Council calls for retail use to be retained at historic Seaford pub

V Bar Pelham Yard Seaford. August 12th 2013 E33002P
V Bar Pelham Yard Seaford. August 12th 2013 E33002P

A pub in Seaford with its origins in the 18th century which could be turned into homes has been granted a stay of execution.

Lewes District Council’s planning committee asked owner London and City Estates ltd to look at using the ground floor of the pub for retail, while turning the second floor into flats.

The developer applied to the district council for planning permission to turn the pub into three terraced homes, which sparked a strong reaction from the community.

Speaking at the planning committee meeting on Wednesday September 18 at County Hall in Lewes, cllr Sharon Davy (Con, Chailey and Wivelsfield) said: “The developer could say: ‘No’ and come back to the committee but maybe sometimes you can come up with a good solution, something that will make a profit.”

The planning application has been deferred to give the council time to discuss alternatives with the developer, given the strong community reaction against losing the pub.

However it is possible that the developer will turn this idea down and ask for permission to convert it into homes again or appeal to the Planning Inspectorate.

The pub has been empty since June 2012 and the council said evidence had been submitted by the developer showing it had marketed the pub for a year with no success.

However Martin Johnson, from nearby Martin D Johnson Antiques, said at the meeting that the pub had not been marketed properly and added he had made reasonable offers to buy the pub with a view to running it as a restaurant.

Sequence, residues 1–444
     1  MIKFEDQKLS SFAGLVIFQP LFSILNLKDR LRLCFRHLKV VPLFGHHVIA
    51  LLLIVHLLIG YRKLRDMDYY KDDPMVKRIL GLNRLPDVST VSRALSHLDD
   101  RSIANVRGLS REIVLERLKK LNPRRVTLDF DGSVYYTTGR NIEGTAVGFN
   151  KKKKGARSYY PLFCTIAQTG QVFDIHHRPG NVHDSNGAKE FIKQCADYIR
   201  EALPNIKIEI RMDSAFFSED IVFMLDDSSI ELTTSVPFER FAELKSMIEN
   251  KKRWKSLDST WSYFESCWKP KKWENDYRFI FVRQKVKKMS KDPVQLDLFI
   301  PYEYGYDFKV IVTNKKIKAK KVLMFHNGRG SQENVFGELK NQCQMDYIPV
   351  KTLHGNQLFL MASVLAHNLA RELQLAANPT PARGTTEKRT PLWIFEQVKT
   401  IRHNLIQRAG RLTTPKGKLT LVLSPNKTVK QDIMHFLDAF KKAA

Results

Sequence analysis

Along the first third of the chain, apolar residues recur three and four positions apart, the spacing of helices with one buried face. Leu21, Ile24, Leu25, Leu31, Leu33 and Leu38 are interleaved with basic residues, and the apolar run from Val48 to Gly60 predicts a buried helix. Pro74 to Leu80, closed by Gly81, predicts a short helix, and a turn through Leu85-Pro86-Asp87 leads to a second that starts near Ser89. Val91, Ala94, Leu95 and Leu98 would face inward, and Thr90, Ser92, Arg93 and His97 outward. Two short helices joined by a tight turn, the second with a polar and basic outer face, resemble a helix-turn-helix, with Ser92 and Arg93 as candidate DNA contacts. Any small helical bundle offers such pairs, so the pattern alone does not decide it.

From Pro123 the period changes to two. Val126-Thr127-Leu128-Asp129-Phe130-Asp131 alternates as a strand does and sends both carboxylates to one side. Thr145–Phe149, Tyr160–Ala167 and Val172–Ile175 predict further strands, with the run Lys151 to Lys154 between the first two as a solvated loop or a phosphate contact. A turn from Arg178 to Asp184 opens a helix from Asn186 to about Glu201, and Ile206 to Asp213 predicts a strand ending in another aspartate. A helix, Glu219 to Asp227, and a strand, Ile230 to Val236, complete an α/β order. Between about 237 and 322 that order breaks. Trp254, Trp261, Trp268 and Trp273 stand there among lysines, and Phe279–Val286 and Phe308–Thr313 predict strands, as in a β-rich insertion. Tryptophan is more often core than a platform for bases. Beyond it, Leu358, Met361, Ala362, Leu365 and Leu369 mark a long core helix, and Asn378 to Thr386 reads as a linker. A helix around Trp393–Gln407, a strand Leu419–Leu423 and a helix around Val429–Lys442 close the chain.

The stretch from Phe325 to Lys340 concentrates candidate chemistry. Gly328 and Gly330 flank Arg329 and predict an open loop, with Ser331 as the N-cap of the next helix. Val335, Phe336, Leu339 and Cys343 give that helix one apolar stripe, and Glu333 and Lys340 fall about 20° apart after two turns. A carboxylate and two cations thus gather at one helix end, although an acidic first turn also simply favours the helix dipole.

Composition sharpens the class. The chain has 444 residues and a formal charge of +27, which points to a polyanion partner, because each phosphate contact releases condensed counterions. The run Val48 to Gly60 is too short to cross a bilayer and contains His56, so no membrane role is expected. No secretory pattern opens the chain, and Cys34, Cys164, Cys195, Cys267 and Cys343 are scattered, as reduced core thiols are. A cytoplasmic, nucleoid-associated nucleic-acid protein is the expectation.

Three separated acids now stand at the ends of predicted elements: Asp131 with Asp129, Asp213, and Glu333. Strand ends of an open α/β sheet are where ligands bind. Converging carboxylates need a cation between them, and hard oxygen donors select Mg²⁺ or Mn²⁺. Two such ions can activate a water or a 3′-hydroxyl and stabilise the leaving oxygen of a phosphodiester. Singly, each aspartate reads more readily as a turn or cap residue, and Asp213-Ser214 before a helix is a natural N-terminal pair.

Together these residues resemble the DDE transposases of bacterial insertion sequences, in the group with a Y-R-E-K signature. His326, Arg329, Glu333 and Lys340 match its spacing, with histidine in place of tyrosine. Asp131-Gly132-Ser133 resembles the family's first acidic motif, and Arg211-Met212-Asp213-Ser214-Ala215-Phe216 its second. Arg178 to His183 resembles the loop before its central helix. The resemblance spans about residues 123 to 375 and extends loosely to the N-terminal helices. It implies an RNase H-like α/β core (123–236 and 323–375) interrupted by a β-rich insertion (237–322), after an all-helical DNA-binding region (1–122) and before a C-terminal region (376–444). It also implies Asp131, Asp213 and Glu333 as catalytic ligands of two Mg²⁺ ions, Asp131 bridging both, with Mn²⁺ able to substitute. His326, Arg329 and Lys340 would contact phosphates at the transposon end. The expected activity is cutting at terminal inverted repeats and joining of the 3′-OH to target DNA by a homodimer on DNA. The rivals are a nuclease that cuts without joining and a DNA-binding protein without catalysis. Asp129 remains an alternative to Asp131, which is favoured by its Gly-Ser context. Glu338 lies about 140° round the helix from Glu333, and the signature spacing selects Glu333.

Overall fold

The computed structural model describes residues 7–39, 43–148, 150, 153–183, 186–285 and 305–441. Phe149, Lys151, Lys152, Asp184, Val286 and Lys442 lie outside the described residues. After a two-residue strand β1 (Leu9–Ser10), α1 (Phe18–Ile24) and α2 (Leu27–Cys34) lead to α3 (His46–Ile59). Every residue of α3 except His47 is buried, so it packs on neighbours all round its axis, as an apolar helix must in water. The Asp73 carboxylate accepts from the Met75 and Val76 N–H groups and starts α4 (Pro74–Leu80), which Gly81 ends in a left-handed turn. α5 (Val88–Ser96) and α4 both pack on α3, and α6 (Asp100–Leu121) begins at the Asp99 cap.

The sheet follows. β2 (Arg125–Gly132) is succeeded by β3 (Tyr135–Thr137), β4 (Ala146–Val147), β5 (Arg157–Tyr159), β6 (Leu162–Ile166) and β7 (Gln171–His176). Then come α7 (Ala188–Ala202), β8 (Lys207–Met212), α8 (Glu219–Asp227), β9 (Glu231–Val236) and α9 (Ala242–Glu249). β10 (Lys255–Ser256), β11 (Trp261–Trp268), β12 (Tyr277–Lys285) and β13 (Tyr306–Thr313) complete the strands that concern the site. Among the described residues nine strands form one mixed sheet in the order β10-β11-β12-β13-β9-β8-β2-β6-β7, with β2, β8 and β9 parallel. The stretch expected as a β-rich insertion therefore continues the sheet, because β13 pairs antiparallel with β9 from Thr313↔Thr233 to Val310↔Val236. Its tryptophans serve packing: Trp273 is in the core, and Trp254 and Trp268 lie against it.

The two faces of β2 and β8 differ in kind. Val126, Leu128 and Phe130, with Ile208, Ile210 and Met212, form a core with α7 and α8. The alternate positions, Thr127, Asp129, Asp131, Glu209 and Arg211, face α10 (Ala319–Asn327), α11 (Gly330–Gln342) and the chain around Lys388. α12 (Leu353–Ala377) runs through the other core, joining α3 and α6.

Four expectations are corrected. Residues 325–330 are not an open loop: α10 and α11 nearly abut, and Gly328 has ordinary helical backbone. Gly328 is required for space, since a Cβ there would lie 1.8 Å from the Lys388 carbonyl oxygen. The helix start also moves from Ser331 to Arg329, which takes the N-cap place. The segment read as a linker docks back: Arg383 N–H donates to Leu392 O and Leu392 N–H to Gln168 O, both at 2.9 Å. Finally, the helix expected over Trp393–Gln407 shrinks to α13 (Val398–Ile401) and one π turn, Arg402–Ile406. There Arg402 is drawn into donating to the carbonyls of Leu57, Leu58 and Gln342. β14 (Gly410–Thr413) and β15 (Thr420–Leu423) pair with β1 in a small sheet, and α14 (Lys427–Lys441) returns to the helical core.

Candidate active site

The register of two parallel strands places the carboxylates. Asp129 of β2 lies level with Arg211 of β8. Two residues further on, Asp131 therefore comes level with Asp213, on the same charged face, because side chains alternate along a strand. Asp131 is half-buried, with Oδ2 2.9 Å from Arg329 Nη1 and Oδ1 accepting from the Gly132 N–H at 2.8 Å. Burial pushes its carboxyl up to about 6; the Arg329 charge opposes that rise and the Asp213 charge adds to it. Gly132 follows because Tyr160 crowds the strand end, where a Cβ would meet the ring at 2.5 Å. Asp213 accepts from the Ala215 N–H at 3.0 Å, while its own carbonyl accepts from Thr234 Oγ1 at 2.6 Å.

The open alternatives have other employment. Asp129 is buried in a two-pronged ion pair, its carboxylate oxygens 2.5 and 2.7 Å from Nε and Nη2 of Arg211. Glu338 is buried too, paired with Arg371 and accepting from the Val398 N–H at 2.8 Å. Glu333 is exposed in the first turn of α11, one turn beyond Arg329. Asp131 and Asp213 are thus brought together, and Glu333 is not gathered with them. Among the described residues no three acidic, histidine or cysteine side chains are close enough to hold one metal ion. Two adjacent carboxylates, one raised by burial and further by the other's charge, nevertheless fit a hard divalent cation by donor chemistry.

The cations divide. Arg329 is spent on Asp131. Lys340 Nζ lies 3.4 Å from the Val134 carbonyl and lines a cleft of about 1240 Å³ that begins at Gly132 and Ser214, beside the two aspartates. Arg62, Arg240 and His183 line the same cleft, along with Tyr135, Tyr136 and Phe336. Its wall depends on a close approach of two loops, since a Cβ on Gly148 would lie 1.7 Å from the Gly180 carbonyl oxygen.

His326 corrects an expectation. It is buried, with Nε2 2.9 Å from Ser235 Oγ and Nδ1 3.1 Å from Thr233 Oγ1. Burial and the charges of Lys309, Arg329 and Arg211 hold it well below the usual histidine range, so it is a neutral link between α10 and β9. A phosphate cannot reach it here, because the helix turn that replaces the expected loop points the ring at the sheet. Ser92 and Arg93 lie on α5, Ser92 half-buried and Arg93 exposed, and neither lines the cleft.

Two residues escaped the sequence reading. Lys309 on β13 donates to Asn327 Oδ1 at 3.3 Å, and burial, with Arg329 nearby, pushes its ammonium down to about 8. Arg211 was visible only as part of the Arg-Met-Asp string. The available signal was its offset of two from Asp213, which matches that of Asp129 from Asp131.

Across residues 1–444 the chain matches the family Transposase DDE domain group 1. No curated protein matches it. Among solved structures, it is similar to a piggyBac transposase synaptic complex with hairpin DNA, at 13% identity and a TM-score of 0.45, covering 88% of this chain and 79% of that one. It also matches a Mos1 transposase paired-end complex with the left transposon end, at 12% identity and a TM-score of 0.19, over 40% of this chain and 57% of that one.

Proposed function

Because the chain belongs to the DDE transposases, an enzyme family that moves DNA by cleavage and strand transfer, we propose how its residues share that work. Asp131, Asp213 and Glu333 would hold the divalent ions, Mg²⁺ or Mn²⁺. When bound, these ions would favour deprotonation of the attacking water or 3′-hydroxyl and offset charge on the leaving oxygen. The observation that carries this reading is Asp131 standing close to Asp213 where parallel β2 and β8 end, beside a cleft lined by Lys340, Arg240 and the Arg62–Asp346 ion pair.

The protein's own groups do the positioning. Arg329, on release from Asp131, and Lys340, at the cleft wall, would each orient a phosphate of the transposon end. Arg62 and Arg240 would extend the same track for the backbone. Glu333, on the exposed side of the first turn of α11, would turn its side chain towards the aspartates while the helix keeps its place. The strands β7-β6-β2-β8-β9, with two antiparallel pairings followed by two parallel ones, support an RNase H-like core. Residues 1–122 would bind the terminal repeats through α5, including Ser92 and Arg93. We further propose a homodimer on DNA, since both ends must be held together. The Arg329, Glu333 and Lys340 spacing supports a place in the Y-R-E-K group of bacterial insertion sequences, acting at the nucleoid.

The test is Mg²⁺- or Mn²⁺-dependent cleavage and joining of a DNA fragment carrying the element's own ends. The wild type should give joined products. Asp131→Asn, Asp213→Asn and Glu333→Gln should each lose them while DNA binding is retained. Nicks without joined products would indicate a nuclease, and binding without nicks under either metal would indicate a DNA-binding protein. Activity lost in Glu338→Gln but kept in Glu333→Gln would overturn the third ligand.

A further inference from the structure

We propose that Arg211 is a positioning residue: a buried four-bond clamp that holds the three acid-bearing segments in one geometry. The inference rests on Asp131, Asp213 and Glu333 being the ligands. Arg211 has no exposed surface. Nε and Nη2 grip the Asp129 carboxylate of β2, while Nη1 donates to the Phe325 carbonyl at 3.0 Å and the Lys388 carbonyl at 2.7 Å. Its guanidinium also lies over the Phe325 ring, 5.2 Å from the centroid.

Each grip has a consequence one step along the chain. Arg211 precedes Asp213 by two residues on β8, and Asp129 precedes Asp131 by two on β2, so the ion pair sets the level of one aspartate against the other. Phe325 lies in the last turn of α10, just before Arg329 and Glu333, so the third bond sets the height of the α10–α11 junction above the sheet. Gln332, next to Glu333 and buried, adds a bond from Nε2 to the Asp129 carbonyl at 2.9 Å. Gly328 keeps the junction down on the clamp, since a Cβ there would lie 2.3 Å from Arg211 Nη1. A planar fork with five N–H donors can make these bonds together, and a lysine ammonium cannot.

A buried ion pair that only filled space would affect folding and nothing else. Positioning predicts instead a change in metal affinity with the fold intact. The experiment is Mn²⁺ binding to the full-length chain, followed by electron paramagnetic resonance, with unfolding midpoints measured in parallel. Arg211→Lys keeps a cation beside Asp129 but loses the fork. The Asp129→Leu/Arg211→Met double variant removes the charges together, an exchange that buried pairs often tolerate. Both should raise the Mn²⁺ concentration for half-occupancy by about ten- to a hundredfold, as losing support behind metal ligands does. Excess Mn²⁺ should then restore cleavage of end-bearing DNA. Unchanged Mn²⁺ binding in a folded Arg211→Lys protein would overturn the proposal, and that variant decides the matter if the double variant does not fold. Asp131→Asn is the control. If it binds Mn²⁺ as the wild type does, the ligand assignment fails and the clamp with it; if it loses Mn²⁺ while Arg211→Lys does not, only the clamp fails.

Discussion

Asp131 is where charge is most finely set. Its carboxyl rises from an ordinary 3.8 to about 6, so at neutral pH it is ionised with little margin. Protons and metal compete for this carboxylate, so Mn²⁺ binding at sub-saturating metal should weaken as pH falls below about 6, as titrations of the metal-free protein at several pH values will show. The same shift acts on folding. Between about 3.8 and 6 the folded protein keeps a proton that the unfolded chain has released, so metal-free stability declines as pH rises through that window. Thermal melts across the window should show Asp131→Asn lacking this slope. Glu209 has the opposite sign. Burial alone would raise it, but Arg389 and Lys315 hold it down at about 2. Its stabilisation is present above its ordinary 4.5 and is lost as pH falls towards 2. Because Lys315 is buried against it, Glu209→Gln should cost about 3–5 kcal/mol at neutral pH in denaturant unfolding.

Planning officers had recommended the proposal,saying the pub was outside the primary shopping area and as a result they could not refuse planning permission for change of use on the grounds of losing the business. Officers also said there were several food and drink establishments nearby.

Seaford Town Council was against the proposal and a petition with 64 signatures was handed in, as well as a further 13 individual objections.

Amongst the concerns were: the building would better serve the community with a retail service, a desire to keep businesses in the town centre, regenerating Seaford, the loss of the second oldest pub in the town and conflict between local businesses and residential parking.

But a report by planning officers to the committee said it was possible that deliveries to the pub would have caused more of an inconvenience than parking associated with turning the pub into homes.